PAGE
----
“It’s an all-purpose nostrum,” he said. “Iron, quinine, and strychnine—a little of each to lend it some color and make it bitter so patients think it’s doing some good. The alcohol concentration helps the impression.”
• • •
In my father’s era, you were called a medical “intern” because you lived in the hospital. The hours were all day, every day. You did your own lab tests. You looked at your own microscope slides. You sat up with the stricken and enacted the scene in Fildes’s painting.
A generation later, I played that role exactly once. As a student on obstetrics rotation, I was required to sit up through the night with a pregnant woman who was having seizures from eclampsia, a complication involving seizures. My job was to push doses of magnesium sulfate into her IV every time she started to shake. It was impossible to leave her side. Both of us stayed awake through the night. We talked and joked, and she confided her story. A healing relationship was at work, formal but intimate. A generation later, an infusion pump took over my job. How much more comforting must it have been to endure a risky ordeal with someone caring for you at your side than to be left alone with a beeping machine.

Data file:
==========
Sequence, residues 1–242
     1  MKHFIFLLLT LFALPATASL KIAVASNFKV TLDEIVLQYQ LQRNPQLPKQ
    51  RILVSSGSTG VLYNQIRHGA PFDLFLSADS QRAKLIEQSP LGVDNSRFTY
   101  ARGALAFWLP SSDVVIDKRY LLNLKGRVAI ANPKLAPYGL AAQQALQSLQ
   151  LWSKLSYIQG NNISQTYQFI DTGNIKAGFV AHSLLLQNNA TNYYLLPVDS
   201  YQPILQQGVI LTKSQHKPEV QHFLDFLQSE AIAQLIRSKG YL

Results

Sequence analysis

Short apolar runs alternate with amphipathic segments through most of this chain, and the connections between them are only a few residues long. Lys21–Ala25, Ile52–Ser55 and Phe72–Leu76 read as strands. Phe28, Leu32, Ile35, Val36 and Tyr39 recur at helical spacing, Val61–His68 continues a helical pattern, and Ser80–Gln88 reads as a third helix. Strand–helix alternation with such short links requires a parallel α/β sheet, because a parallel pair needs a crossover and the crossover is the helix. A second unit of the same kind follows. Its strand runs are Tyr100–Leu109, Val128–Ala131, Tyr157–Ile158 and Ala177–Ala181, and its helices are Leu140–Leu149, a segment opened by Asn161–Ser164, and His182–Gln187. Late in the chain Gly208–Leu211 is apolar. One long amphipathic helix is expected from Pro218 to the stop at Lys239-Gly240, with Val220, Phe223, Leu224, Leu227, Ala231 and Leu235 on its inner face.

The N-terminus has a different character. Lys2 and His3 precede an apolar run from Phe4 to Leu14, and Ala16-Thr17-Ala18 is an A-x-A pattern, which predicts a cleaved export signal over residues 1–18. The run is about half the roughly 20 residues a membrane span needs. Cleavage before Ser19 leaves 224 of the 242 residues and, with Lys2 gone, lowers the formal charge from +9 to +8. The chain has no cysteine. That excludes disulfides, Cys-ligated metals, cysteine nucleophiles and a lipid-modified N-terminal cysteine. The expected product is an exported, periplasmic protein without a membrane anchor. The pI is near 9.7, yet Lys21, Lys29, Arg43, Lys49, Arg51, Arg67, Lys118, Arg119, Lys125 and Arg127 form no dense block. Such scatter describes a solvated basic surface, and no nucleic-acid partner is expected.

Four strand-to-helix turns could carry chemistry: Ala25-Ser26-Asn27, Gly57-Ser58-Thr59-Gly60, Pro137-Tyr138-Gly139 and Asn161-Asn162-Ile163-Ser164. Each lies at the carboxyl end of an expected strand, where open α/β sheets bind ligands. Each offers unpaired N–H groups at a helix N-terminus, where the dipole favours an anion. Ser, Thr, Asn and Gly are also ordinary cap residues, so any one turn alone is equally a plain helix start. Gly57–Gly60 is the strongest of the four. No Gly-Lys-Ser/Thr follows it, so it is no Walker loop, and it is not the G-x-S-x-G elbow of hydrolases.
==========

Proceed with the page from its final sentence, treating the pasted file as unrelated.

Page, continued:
I earned my medical degree at age 24 and began my internship on the cancer ward.
As luck would have it, I draw night call on day one. Two fellow rookie interns sign their patients out to me. At midnight, the head nurse summons me to see a man “with trouble breathing.” The chart says he has primary liver cancer with metastases, meaning it has spread to other organs and that his condition is fatal. The nurse shepherds me into his room and closes the door behind us. The lights are down, but I see at once his sunken eyes, his emaciated frame, and his deeply jaundiced skin. He heaves and gasps, each arduous breath spewing blood-tinged froth onto his lips. The pink foam means that his liver can no longer make clotting molecules. He’s drowning in his own blood. His skeletal hand trembles and taps against the bed rail.
The nurse goes to him. “The doctor is here,” she says. She tries to calm him, to no avail.
I lean in close. In the calmest tone I can muster, I ask him what I can do. He turns with effort, his yellow eyes searing into mine. He seems not to comprehend, so I repeat the question and wait, searching for the person still inside the wasted flesh. Suddenly, unexpectedly, he grabs my shirt and pulls me in hard. “Don’t let me die!” he says, spraying me with blood.
I freeze, both of us now terrified, unready for our experience in different ways. The moment is about him yet unavoidably about me, too—the new doctor desperate to do the compassionate thing. The best countermeasure I have is to act calm.
“Get me ten milligrams of diazepam in a syringe,” I tell the nurse, using the generic name for Valium. If he knows I’m sedating him, he’ll only grow more petrified. Inches apart, we regard each other, he like a cornered animal looking for escape while knowing there is none.
The man’s breathing takes heroic effort. Its strident rattling—called in medical terminology “stentorian,” after the powerfully voiced herald in The Iliad—announces impending death. The only tool I have to inspire confidence is emotional calm, my sole purpose at the moment to ease his passing. A peaceful death will signal at least some measure of success.